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Robotic Resolutions

Humans shed and regrow outer skin cells every 27 days, equating to approximately 1,000 new skins in the average human’s lifetime. Even in a clean room environment, a worker will shed 600,000 particles of skin per hour. With this in mind, this article will explore how clean room robots have the potential to eradicate the risk of human contamination.

Some industries rely on maintaining a controlled clean room environment with strict restrictions on the number of airborne particles in the area. This includes dust, vapours, and moisture contaminants. Keeping these particles in check is essential for minimising damage to vulnerable products, and this relies on the right processes and equipment to maintain the necessary level of control.

The cleanliness level of a clean room varies, with ISO Class 1 ranked as the cleanest, through to ISO Class 9, which is the lowest level by clean room standards. Typically, clean rooms with ISO Clаѕѕ 7 or сlеаnеr have a separate changing atrium for gowning, away from the main working area. This reduces contaminants from entering the сlеаn area via the movement of workers. However, the time it takes for workers to put on and take off the protective suits costs businesses time and money, which is a huge incentive for implementing automation as an alternative. A nonclean room robot might emit a relatively low number of particles, at least when compared to its human counterparts. However, considering a gripper opens and closes 10,000 times over its lifetime, the potential for particle emittance problems over the working life of a robot can quickly add up.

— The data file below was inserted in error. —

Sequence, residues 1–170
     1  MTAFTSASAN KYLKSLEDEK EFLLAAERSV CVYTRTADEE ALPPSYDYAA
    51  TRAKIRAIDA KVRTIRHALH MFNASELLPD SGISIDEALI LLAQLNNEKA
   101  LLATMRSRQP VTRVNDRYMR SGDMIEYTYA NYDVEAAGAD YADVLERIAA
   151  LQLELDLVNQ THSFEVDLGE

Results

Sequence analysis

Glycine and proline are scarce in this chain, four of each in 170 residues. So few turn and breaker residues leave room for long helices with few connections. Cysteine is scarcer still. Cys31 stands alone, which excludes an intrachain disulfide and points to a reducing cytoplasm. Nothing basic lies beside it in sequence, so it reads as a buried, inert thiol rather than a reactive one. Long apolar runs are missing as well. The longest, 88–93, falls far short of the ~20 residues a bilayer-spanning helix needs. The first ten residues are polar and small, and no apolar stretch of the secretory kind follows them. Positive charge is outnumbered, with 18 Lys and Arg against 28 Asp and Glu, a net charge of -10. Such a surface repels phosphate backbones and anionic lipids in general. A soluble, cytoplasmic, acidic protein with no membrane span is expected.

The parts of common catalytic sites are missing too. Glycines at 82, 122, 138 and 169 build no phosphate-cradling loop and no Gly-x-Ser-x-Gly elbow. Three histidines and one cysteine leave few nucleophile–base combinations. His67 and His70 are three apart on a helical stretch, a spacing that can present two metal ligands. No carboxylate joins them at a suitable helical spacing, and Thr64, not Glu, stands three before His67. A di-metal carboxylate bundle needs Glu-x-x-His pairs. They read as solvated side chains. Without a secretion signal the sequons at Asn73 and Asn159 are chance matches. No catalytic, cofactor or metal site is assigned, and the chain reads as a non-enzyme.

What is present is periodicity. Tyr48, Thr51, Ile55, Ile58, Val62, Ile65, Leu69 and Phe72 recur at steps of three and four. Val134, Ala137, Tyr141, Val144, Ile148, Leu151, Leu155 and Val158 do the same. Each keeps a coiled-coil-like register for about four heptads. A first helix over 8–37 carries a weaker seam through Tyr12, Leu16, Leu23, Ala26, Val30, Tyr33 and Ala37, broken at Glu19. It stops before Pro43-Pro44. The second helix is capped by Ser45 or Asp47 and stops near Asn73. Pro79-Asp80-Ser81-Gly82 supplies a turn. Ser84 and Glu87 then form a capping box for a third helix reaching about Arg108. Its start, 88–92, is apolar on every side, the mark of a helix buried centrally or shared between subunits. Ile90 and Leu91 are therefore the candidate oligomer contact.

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Nigel Smith is Managing Director at Toshiba Machine partner, TM Robotics. He directs the overall growth and development of TM Robotics throughout Europe, the Middle East, Africa, India, Russia, and North and South America. Nigel founded TM Robotics after holding a number of positions at Toshiba International.
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Nigel Smith
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